Diagnosis

A family doctor may suspect vein weakness, but you can safely diagnose phlebologists, i.e. specialists in vascular and vein diseases. It must first be clarified whether there have been cases of venous insufficiency in your family or whether you have had thrombosis in the past. Then the doctors look at the leg skin and look for swelling, skin changes, spider veins or varicose veins. Ultrasound images show whether venous valves are damaged. Doppler sonography shows how the blood flows in the vein, where the flow is disrupted and whether blood clots have formed.

Treatment

There is no one treatment for venous insufficiency. Rather, different therapies are considered depending on how far the weakness has progressed. First of all, it is about supporting or restoring blood flow. This works with external aids, i.e. compression stockings or compressing bandages. The pressure that the vein itself can no longer exert now comes from the outside, and it prevents the blood from backing up.

If the vein symptoms have worsened, for example with water retention, draining drugs help. Eczema on the skin is treated with creams or ointments that moisturize and relieve inflammation. Spider veins are not a medical problem, but many people find them unsightly. They can easily be desolated - by injecting a chemical substance. This also works with superficial varicose veins. However, deep-seated varicose veins require surgery. The vein is removed and the blood is redirected to a healthy vein or the vessel is closed with a laser.

How can you prevent venous insufficiency?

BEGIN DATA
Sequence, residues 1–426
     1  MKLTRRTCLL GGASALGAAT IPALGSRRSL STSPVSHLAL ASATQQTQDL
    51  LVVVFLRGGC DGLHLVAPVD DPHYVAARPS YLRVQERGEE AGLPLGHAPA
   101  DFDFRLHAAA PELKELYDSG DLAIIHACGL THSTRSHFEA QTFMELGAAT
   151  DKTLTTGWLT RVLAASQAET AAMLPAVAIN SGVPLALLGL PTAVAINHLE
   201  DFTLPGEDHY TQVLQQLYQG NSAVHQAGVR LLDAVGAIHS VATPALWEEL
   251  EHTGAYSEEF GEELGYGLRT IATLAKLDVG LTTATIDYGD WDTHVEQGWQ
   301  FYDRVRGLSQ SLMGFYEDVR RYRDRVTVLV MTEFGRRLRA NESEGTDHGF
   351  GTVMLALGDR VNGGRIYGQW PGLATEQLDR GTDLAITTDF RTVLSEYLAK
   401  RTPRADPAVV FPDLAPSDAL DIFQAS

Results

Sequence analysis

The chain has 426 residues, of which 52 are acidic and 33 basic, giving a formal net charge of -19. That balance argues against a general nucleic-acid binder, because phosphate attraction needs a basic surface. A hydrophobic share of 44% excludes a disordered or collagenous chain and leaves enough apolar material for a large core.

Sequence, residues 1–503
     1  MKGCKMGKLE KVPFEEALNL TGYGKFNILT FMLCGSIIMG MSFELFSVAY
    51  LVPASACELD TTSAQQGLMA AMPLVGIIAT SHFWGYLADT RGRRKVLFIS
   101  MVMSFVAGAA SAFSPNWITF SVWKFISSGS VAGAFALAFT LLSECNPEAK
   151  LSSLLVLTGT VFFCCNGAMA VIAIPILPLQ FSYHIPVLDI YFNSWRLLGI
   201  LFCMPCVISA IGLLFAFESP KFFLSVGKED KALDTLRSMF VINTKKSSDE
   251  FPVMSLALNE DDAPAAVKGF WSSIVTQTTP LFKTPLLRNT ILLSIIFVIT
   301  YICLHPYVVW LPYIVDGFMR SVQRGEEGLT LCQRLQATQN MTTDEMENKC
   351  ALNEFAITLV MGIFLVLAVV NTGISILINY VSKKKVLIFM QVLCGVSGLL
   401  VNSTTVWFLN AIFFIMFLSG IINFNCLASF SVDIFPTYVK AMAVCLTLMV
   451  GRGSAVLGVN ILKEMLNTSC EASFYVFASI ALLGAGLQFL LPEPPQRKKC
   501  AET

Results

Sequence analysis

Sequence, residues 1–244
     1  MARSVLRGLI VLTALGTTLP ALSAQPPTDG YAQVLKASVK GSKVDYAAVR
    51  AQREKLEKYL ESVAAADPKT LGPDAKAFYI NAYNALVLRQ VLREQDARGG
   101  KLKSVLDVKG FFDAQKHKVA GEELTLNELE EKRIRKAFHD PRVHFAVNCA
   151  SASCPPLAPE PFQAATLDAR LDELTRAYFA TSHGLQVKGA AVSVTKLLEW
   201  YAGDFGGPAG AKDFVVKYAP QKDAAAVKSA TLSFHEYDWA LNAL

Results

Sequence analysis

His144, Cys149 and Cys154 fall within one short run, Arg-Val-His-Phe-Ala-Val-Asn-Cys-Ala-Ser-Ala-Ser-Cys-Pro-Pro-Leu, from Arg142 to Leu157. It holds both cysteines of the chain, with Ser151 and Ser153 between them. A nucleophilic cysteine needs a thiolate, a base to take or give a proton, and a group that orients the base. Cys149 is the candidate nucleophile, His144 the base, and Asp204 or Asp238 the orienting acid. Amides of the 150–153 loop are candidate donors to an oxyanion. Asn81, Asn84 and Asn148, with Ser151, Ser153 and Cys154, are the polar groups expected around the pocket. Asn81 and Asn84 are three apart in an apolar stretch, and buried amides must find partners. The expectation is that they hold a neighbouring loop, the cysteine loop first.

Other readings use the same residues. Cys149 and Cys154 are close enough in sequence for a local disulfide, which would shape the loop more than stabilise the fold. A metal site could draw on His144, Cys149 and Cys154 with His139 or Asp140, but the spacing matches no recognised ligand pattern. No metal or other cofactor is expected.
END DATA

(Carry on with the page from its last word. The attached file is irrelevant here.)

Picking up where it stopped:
If your weak veins are genetically engineered, the problems are difficult to prevent. After all, the course of the weakness can be slowed down by strengthening the connective tissue, the veins and the blood flow:

  • Above all, it helps exercise. It doesn't have to be competitive sports, but hiking, swimming, cycling. Ride a bike to work instead of a car, climb stairs instead of standing in the elevator. Swimming is best, the cold water presses on the veins and also ensures that they cool down.
  • Use foot exercises if you have to sit a lot at work or have a standing job. You move the tips of your feet alternately to the shin and the floor or let them circle, shift the weight from your heels to the tips of your feet. You can also clench your toes or "shake out" your foot.
  • Eat low calories and reduce weight because excessive weight promotes and increases venous insufficiency.
  • Avoid high heels, as nice as you find them, because they weaken the veins. Flip flops or sandals are ideal. The flatter, more open and more comfortable shoes are, the better.
  • Especially in summer you should drink a lot if you have weak veins. This compensates for the loss of fluid due to sweating, because the more fluid the blood, the better it can flow.

Course and forecast

A beginning venous weakness can usually be stopped. If it progresses and varicose veins already form, the risk of secondary diseases such as venous thrombosis increases.

Compression stockings against thrombosis

Compression stockings even help with advanced venous insufficiency and reduce the risk of thrombosis. Medical compression stockings are now also antibacterial and breathable, so they can be used well on a hot summer day. The medical specialist retailer adjusts such stockings individually in the morning with swollen legs. They are available as knee highs, thigh highs or tights. (Dr. Utz Anhalt)

Author and source information

This text corresponds to the requirements of the medical literature, medical guidelines and current studies and has been checked by medical doctors.

Swell:

  • Amboss GmbH: Varicosis and chronic venous insufficiency (accessed: July 3, 2019), amboss.com
  • Dr. med. Ive Schaaf: Chronic venous weakness (access: 03.07.2019), venen-hilfe.de
  • Eberhardt, Robert T. / Raffetto, Joseph D .: Chronic Venous Insufficiency, Circulation, 2005, ahajournals.org
  • Cleveland Clinic: Chronic Venous Insufficiency (CVI) (access: 03.07.2019), my.clevelandclinic.org
  • Mayo Clinic: Varicose veins (accessed: 03.07.2019), mayoclinic.org

ICD codes for this disease: I87ICD codes are internationally valid encodings for medical diagnoses. You can find e.g. in doctor's letters or on disability certificates.